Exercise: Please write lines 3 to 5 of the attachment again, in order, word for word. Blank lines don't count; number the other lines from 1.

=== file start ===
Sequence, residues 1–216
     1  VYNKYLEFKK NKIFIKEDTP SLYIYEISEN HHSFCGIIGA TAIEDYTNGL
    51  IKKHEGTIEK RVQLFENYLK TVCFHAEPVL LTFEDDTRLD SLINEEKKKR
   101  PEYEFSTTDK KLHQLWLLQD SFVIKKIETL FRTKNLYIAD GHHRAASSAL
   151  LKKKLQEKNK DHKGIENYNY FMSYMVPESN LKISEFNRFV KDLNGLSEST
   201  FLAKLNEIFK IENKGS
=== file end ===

    51  IKKHEGTIEK RVQLFENYLK TVCFHAEPVL LTFEDDTRLD SLINEEKKKR
   101  PEYEFSTTDK KLHQLWLLQD SFVIKKIETL FRTKNLYIAD GHHRAASSAL
   151  LKKKLQEKNK DHKGIENYNY FMSYMVPESN LKISEFNRFV KDLNGLSEST